Androgenetic Alopecia affects up to 50% of men and women. However, some people may not be familiar with the diagnosis, causes, and available treatment options.
Androgenetic alopecia is a hair loss condition in men and women that gradually worsens. It’s a genetic condition inherited from both maternal and paternal sides. The primary symptoms are hair loss, thinning, or balding on the scalp.
Androgenetic alopecia in women, or female pattern hair loss, usually starts with hair thinning at the crown of the head. Women may begin noticing that the hairline at the top of their heads is becoming wider. Most women notice this thinning during their 40s or 50s and typically don’t see significant changes to their frontal hairline. However, the thinning may slowly spread to all areas of the scalp.
Male pattern hair loss presents differently and can start earlier, around their 20s or 30s. Most men notice a slowly receding frontal hairline or a growing bald spot on the crown. Thinning may begin around the temple areas, and the hairline may develop an “M” shape. Eventually, the frontal hairline moves further up the scalp. In other men, a bald spot grows to encompass most or the entire top of the head. The exact pattern and severity of hair loss vary.
Androgenetic alopecia is not the same as temporary hair loss (telogen effluvium). Stress, various diseases and disorders, certain medications like blood thinners, and medical treatments like chemotherapy can cause temporary hair loss. However, hair growth returns to normal after these medications and treatments in most of these cases. A dermatologist can accurately diagnose between temporary hair loss diagnosis and androgenetic alopecia with a physical exam and medical history questions.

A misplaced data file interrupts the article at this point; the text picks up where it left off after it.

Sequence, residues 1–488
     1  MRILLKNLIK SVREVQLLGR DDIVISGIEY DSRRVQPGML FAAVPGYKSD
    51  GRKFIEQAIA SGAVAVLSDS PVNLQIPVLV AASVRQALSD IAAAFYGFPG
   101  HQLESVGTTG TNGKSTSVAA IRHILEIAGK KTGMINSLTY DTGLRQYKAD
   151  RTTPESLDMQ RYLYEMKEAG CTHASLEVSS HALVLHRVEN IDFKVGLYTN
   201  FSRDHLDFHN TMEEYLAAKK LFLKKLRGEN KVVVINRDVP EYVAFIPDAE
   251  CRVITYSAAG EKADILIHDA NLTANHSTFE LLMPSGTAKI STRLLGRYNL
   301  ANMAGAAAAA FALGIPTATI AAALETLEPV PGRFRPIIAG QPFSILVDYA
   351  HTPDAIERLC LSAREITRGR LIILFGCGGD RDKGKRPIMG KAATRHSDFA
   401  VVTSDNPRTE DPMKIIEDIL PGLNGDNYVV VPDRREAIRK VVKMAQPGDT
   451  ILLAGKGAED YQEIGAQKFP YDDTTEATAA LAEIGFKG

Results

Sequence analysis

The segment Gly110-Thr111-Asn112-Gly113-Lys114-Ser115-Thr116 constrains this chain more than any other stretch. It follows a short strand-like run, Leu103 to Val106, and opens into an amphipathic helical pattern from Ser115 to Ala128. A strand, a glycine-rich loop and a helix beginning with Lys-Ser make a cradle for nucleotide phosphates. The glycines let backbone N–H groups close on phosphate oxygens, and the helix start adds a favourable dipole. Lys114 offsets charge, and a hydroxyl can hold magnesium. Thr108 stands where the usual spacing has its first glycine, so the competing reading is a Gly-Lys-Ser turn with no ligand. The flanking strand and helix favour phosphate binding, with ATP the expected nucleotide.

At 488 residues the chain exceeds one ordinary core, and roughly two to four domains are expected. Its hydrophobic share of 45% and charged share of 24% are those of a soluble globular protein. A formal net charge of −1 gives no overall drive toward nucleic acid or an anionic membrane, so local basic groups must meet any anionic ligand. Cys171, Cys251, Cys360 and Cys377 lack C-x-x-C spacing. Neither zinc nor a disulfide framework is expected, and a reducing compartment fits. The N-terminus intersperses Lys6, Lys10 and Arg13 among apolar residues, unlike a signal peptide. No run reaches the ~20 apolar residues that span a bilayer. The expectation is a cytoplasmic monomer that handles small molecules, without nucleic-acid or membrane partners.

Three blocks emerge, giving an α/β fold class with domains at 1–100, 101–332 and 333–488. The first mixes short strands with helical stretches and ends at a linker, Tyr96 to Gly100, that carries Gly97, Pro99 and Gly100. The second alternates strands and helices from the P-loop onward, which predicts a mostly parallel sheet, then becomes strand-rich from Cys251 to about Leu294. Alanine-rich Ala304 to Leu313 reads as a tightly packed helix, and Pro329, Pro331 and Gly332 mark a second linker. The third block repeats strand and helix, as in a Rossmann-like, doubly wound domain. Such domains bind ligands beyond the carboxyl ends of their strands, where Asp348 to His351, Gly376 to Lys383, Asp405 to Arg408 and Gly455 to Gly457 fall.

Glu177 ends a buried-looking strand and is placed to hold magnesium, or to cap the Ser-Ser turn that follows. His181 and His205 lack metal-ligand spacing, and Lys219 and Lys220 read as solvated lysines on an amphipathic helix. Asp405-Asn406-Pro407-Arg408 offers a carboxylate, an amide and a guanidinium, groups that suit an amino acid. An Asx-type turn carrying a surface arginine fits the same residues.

People with androgenetic alopecia have higher levels of Dihydrotestosterone (DHT), an active male sex hormone (androgen) formed from testosterone. DHT shrinks hair follicles, limiting the ability to grow new hairs. Eventually, this prevents the body from being able to replace lost hair.
Androgenetic Alopecia is not a male-specific diagnosis as both men and women have testosterone, just at different levels. Therefore, an excess response to higher levels of DHT can lead to this hair loss disorder in men and women.
Dermatologists diagnose androgenetic alopecia by conducting a physical exam while taking a thorough family and medical history. Typical questions may include:
Dermatologists may order blood tests or biopsies to rule out temporary hair loss diagnoses. They may also use a noninvasive method of imaging the scalp and hair known as trichoscopy to help confirm a diagnosis.
Dermatology Circle offers many safe and painless treatment options for androgenetic alopecia. Medications and in-office procedures can limit hair loss, boost hair health, and encourage new growth.
Dermatology Circle serves all ages, adults, and kids, focusing on patient comfort, convenience, and satisfaction. After all, skin care is “person care,” and each person with androgenetic alopecia is unique.